European Space Agency (ESA) & European Space Resources Innovation Centre (ESRIC) challenged European and Canadian engineering teams to develop vehicles capable of prospecting resources within a testbed of the Moon's shadowy polar regions. Five winners are receiving development grants of 75,000 euros each to move their rovers forward to the next phase of the contest, to be held in Luxembourg in September 2022.
It is 2028. The European Large Logistic Lander just descended in the area between the Shoemaker and Faustini crater in the South Pole region of the Moon. The mission: to characterise and locate resources (water and metals...) and produce an accurate map of the little impact crater a few hundred meters from the lander, to make a first resource map to guide future missions…
We're not there yet, but this mission scenario is very close to what a future European mission could look like.
The Moon is the next step in human exploration, and prospecting − in other words detecting and locating − resources on the Moon is the first mandatory step toward collecting and using them in-situ to establish human habitats there.
The first European prospecting challenge
Terrestrial prospecting technologies need to be adapted to the rigours of a dusty, vacuum environment and temperature extremes of the lunar surface. This is the reason why the European Space Resources Innovation Center (ESRIC) and the European Space Agency (ESA) challenged last summer, and for the first time, European and Canadian engineering teams from academia and industry to develop vehicles capable of prospecting resources known to lurk in these shadowy regions − then put their designs to the test in a realistic lunar analog environment.
The first part of the ESA-ESRIC Space Resources Challenge was organised in the Netherlands, next to the European Space Research and Technology Centre (ESTEC) facilities. Working inside a former aircraft hangar, the competition organisers spread 200 tons of lava rock across an area equivalent to seven tennis courts, landscaping it into a Moon-like environment, including the main crater of interest. Then they scattered rocks, including a hundred larger simulated boulders larger than a metre across, whose positions were precisely geo-referenced.
These measurements served as the basis of a map provided to the rover teams. The idea was to give them the equivalent level of local information from satellite imagery, while still leaving smaller-scale surprises. Once complete, the moonscape was kept concealed from the rover groups behind black curtains, so they would see it only through the cameras of their rovers. 13 teams made a prospecting attempt one at a time.
"Over a two and a half hour period, each rover had to find their its way across the moonscape to the target crater, then prospect for resources," comments co-organiser Franziska Zaunig. "This was a challenging goal across unknown lunar terrain within the set time."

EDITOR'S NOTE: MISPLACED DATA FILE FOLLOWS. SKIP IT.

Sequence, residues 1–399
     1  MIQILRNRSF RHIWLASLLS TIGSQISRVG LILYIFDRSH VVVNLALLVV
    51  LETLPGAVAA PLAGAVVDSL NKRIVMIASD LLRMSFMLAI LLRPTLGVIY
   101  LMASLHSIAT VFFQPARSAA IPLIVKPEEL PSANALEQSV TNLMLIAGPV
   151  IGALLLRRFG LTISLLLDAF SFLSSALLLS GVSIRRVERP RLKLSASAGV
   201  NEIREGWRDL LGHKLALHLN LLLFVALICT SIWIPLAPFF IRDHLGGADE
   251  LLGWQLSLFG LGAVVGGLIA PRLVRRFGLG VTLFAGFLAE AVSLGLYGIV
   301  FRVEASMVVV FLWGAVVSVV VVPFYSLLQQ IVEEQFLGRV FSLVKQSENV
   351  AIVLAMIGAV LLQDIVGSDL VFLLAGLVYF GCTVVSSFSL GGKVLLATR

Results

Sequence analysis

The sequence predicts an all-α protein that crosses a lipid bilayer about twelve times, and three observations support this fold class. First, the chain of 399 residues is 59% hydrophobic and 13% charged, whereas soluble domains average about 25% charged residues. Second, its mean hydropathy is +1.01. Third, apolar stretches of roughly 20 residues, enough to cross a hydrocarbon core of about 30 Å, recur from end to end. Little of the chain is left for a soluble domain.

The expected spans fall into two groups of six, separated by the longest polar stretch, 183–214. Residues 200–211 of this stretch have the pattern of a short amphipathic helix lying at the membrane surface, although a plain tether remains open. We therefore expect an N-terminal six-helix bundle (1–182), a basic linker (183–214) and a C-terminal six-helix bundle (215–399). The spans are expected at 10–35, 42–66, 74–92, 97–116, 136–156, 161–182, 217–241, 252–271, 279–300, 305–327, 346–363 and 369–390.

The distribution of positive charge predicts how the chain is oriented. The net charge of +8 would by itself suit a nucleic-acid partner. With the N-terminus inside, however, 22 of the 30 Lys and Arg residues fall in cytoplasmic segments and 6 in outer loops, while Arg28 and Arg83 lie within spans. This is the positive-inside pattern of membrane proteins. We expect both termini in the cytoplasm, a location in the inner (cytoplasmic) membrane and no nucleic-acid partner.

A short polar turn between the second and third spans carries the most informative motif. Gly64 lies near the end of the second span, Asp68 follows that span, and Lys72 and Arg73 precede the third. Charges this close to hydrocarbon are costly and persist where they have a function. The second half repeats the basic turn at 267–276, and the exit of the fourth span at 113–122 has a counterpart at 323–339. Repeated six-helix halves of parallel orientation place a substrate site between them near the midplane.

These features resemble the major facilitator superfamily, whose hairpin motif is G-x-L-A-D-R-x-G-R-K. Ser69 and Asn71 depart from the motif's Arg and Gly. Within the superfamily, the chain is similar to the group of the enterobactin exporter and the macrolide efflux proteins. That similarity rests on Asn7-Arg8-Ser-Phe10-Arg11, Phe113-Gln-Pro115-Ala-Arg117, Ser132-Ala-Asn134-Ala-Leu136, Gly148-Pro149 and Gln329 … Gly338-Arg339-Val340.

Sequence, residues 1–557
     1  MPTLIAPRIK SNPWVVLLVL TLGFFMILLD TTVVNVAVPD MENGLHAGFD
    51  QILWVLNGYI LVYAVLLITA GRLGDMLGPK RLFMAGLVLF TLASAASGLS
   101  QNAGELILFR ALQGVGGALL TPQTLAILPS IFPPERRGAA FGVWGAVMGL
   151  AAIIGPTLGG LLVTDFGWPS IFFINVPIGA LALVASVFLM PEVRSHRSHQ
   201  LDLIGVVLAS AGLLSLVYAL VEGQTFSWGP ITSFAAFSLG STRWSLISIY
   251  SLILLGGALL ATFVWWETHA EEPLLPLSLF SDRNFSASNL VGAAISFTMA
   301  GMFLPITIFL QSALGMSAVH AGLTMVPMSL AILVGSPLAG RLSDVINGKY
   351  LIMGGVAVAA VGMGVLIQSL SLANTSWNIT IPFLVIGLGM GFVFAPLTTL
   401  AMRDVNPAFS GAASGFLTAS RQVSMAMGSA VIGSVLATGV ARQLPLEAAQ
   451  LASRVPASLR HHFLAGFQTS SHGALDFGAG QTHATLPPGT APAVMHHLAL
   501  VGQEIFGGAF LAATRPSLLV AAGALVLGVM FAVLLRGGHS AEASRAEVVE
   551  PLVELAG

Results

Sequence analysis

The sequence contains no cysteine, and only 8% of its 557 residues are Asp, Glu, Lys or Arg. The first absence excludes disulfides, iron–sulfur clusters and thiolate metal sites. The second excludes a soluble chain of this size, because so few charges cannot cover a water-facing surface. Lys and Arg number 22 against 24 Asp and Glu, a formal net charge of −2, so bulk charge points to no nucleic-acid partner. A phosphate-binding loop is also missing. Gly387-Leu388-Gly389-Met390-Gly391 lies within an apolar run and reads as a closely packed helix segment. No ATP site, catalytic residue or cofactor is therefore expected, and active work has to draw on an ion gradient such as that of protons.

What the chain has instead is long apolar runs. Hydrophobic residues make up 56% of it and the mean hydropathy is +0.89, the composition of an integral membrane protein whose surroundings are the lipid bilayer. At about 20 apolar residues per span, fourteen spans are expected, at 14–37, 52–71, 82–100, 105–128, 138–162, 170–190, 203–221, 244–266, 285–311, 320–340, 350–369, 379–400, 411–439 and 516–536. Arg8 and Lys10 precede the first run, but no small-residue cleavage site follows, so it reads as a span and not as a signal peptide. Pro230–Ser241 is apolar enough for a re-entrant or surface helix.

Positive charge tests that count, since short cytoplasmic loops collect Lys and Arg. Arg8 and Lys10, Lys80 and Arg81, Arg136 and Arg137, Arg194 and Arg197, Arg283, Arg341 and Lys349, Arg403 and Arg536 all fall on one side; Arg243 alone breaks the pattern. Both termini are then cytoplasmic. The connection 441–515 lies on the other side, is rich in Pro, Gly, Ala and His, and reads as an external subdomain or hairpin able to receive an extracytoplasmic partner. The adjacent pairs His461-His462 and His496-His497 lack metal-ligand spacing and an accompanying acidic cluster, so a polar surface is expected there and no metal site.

The participating teams took various approaches in terms of locomotion − wheeled, tracked and also walking vehicles entered the competition − as well as visual and multi-spectral instrumentation, and in a few cases multiple instead of single rovers.
Massimo Sabbatini, overseeing the contest's first phase for ESA adds: "Not everyone made it to the crater at all: some groups found they didn't have sufficient lighting on their rovers, others suffered battery problems. A few had difficulties with the artificial signal delay we included, which simulates the actual experience of teleoperating to the Moon. But it's fair to say that everyone learned a lot − including us."
Further to this first phase, five winning teams have been selected, receiving 75,000 euros contracts each to move their rovers forward to the next phase of the contest.
The winning teams are:
- ETH Zurich & University of Zurich (Switzerland)
- Mission Control Space Services (Canada)
- Łukasiewicz − PIAP (Poland)
- FZI Forschungszentrum Informatik (Germany)
- Space Application Services & Universite du Luxembourg & Dynamic Imaging Analytics & La Palma Research Centre & University de Lorraine & The Open University (Belgium/Luxembourg/UK/Spain/France)
Taking the Moon to Luxembourg
The second stage of the challenge will be hosted by ESRIC in Luxembourg from 7 to 9 September 2022.
A lunar environment built with various resources − kept secret from the teams − will be set up in Esch-Belval, in the Rockhal's large hall. As during the first phase, each team will be able to explore the "Moon" one after the other, and will be asked to map the resources of the whole area during a limited time and in conditions simulating the lunar environment in terms of lighting, surface and elevation.
ESRIC Strategic Advisor and project Manager, Bob Lamboray, states: "ESRIC is looking forward to welcoming these five winners from this phase to Luxembourg. Through the ESRIC prize, we will support the final winner to further mature their design and hopefully make it to the Moon in the near future."
An event including demonstrations and rover presentations is foreseen right after the competition and will be open to the public. More information will follow before summer.
Based in Luxembourg, the European Space Resources Innovation Centre (ESRIC) fosters innovation and growth in the space resources industry by connecting leading academic, industrial and entrepreneurial talents. ESRIC's activities are based on four main pillars: space resources research and development, support for economic activities, knowledge management, and community management. Launched in November 2020, ESRIC is an initiative of the Luxembourg Space Agency (LSA) and the Luxembourg Institute of Science and Technology (LIST) in strategic partnership with the European Space Agency (ESA).
Press release by Luxembourg Space Agency